Georgia, 22, TAS
I never worried about anything when I was child. I was an idiot if anything. I never got sick, I was happy at school and home and nothing bothered me. One night when I was just 12, this all changed.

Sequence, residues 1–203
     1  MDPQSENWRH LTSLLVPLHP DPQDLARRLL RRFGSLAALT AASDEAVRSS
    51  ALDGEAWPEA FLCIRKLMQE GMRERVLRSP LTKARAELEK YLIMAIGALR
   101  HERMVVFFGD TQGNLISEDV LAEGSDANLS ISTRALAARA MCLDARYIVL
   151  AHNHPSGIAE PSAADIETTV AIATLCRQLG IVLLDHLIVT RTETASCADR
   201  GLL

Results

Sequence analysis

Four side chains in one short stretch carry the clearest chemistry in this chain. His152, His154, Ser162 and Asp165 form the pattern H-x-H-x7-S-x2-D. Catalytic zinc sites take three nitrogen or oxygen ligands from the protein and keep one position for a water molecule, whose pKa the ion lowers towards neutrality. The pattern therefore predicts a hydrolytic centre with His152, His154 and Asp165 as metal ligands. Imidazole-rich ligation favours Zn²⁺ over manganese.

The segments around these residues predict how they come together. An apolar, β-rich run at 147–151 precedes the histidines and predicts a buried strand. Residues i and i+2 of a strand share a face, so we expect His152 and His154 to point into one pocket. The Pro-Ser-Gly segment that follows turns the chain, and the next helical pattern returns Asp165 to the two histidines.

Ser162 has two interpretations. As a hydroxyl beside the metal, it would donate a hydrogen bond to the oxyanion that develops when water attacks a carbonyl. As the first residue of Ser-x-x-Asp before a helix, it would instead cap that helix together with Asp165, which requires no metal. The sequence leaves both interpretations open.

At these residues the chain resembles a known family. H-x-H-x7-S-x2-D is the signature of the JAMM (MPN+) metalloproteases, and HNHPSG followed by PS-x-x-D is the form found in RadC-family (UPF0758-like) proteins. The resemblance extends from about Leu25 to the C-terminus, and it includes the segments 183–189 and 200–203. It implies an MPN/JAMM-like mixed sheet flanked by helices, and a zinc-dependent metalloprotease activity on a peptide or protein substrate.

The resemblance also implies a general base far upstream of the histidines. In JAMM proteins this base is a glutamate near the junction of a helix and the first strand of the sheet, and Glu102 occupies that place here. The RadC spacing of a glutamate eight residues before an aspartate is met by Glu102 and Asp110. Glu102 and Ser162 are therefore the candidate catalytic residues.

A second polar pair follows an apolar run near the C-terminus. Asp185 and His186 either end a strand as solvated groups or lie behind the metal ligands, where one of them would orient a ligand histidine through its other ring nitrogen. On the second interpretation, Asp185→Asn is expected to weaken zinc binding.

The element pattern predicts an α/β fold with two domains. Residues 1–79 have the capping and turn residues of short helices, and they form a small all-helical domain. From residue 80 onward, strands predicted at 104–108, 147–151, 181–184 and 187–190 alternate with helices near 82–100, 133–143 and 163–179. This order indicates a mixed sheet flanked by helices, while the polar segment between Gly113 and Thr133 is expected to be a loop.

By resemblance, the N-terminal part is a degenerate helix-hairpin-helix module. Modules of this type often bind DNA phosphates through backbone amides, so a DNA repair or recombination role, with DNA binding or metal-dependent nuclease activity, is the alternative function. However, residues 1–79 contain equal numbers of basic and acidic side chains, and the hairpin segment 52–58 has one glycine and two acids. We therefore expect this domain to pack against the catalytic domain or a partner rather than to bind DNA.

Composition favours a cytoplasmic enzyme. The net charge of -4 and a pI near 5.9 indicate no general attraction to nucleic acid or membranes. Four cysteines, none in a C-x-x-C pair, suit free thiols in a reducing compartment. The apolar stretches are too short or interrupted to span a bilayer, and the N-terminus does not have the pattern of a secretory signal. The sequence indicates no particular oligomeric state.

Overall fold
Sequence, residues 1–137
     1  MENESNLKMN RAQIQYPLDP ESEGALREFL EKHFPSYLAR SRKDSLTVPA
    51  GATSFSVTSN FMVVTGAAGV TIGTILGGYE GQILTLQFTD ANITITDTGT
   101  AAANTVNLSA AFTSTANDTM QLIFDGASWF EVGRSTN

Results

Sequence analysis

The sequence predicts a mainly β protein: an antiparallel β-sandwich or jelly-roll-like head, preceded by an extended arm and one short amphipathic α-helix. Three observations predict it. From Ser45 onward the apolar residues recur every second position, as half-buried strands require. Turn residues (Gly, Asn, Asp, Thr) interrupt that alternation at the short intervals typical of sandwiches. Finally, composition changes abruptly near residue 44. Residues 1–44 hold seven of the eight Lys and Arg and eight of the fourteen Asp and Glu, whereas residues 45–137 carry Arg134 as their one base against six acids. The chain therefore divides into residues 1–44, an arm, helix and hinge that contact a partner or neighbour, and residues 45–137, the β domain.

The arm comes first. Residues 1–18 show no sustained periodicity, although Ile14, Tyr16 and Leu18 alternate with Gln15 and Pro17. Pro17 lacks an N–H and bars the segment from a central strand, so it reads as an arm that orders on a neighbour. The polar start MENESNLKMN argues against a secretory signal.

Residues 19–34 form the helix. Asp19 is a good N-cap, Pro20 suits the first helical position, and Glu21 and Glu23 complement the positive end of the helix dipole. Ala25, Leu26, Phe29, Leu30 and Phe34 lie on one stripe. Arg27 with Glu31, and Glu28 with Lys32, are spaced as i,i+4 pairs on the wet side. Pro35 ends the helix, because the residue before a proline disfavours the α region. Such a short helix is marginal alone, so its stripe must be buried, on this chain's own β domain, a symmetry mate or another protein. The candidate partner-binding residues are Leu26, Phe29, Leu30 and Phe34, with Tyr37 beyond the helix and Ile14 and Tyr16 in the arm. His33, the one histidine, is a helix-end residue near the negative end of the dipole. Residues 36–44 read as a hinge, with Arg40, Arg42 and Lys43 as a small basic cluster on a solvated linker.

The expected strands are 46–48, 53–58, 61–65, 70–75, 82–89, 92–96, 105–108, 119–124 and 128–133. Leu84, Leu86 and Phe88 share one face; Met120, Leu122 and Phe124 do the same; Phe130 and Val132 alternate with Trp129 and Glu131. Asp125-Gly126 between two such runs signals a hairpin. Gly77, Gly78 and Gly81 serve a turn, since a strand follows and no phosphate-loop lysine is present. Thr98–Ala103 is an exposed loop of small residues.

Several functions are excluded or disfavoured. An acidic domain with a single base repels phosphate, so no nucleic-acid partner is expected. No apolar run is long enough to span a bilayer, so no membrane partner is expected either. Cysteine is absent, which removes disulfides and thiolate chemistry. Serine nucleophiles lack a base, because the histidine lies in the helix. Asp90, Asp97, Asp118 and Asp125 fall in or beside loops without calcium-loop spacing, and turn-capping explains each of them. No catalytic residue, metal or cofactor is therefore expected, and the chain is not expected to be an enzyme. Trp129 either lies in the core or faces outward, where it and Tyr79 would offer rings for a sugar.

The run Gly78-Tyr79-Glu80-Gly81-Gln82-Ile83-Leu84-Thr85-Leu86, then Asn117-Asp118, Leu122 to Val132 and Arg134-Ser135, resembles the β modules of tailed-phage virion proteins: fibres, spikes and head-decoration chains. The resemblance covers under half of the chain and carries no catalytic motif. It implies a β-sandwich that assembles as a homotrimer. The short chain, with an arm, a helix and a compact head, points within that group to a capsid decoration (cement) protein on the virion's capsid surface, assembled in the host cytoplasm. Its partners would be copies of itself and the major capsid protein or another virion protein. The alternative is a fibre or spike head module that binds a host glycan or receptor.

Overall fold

We had returned from a family barbeque at a friend's place. It was so much fun. They had a pool, a trampoline, scooters and heaps of yummy bad food! We were so tired when we got home and my sister complained that she had a sore tummy. We joked that it was because we ate too much junk food. We rarely got sick as young kids and rarely do now so we knew it would pass. However at 2am, she woke me up complaining of really bad cramps in her stomach. The look in her face terrified me. She was sweaty, pale and I felt so helpless. She went upstairs to get dad and he calmed her down a bit while she winced in pain. She then vomited and the pain ceased and she felt much better and fell straight back to sleep and that was that! However, I didn't relax so easily. I tensed up, my legs started shaking and I couldn't sleep. I never got worried about silly things really, I was pretty carefree. I didn't know what it was that worried me. The vomit? The fear in her eyes? The pain? Either way, life changed. This small bout of illness (probably due to too much food) lead me to fear all kinds of illnesses. I started to become irrational about disease and conditions. I thought that epilepsy was a virus you could 'catch' off someone- ie the girl with epilepsy in my class. I found myself spitting in the streets all the time because I thought my saliva was contaminated with meninggicoccal and didn't like talking to people much in case they themselves 'got' their saliva on me! Vomit and death terrified me and pretty soon I began performing rituals that I thought would prevent me and my family from getting sick. The rituals made no sense and I would have to perform them privately and could not be interrupted otherwise I would start again. It was time consuming, exhausting and my bubbly personality was fading fast as I became consumed by these fears. I thought it was normal, a phase, something that didn't need sharing. But I told my mum everything so I had to tell her this. Would she laugh? Would she pat my head and tell me I was being silly? I didn't mind, I just wanted to tell her. She decided I should see a psychologist and after a few sessions and a diagnosis of Obsessive Compulsive Disorder, I began to ease back on the rituals and stopped needing to see my psychologist. I didn't like to think that I had a condition. I didn't like having an illness. But I dealt with it. However, like most mental illnesses, they are difficult to overcome and are never fully deleted from your life, or your family's lives. After essentially overcoming this fear of death and disease, the OCD became focused on food. I was 15 at this stage and nearing the end of highschool. At first I just started to eat healthily, and stopped buying $1 chocolate freddos from girls who were fundraising for overseas trips. Then I cut out chocolate all together. Then lollies. Then chips. Then junk ( not that I ever had heaps of 'junk' anyway). I replaced them with heaps of fruit and toast for afternoon tea! I ate super healthily and exercised more regularly. People began to notice though as I refused offers of sweets from friends at school and started participating in cross country training before lunch. I went to the gym several days a week and lost a little bit of weight and was always hungry and tired, despited eating pretty well. I guess, I was exercising too much for what I was consuming and my constant paranoia was making me exhausted too. Exercise became like a ritual as did washing my hands to rid 'calories' off my hands. I thought that if I passed wrappers in the street or smelt food, that it meant I had somehow eaten the items. I worked at pizza hut at the time and would go home after work and often not have dinner from fear of eating pizza at work, even though I knew I hadn't. Again, the talk with mum and then the referral to a different child psychologist really helped me break down the fears and confront the rituals. I would hold empty wrappers, smell chocolates and eventually we would share a bit of chocolate together each session. I would add one more 'item' of food each day to my diet to break the counting of foods that formed in my head. I was doing really well and began to feel energised and normal again. I put on a bit of weight and really enjoyed my years at college. It didn't really become a 'thing' anymore. Sure, it was always in my head but it wasn't a priority. My friends, family and school were. But again, as the pattern of OCD tends to go, the eating disorder (as it was described) returned when I entered first year uni. And it was much much worse this time. Nothing seemed to really trigger it. I was happy with my boyfriend at the time, doing well in my subjects and had no problems at home. But I hated the change from college to uni and that could have been enough to cause a set back. Again, I changed my diet. I was only eating a tiny bit of chocolate as a treat anyway and always conscious of what I was eating. However, I virtually cut of all carbohydrates, walked to and from uni and went running or to the gym all the time. The fear of getting fat or being lazy circled in my mind. I ate fruit for breakfast, fruit salad for lunch, plenty of nuts and a normal dinner. But it wasn't enough for me. Not for my height or my activity levels. I was working with kids too at a childcare centre so this was physically demanding too. I pretended I was okay. I was secretive. I lied to my family about what I was eating and again, lost weight, lost my period and lost a lot of my spritely personality. I lost motivation to go out with my friends, didn't eat at social events and was quite miserable. To make things worse, my sister and I were saving to travel at the end of the year. I had to be in good shape for this. The trip went ahead but the anxiety or the food habits remained. I lied directly to my sister's face about food I had eaten that I hadn't eaten. My jeans were loose by the end of the first part of the holiday and then it was on to Indonesia. This was for a summer uni language course and much more mentally and physically challenging. I was with a private homestay and pretended to eat the food they gave me in the morning for breakfast (I threw it in the bin)- those long hours of preparation, the money spent, the effort and love. It makes me sick to think back on that now. People noticed. Other students asked if I was okay and eventually, I had to come home early. I immediately sought help, my boyfriend broke up with me because he couldn't deal with the change in me or my health aand I was diagnosed (again) with anorexia. I was in a critical condition. I was adament in not going to hospital and fought the condition, attending uni only part time the next year and working in childcare for the remaining days. I was getting happier and healthier but unlike previous times when the OCD has taken shape in my life, it didn't leave and it's still aggressive. What's different is that I have learnt to see it as an external 'thing' to me and can try and control it. Daily, it still taunts me but I am no longer anorexic, I am happy, have finished uni, have got my personality back, most of my trust back and am saving for a two month trip to Nepal and Thailand. Mental illnesses are destructive to the individual and everyone around them. They are demanding and can be well disguised, but they don't have to be and I am so glad I've had such a supportive network.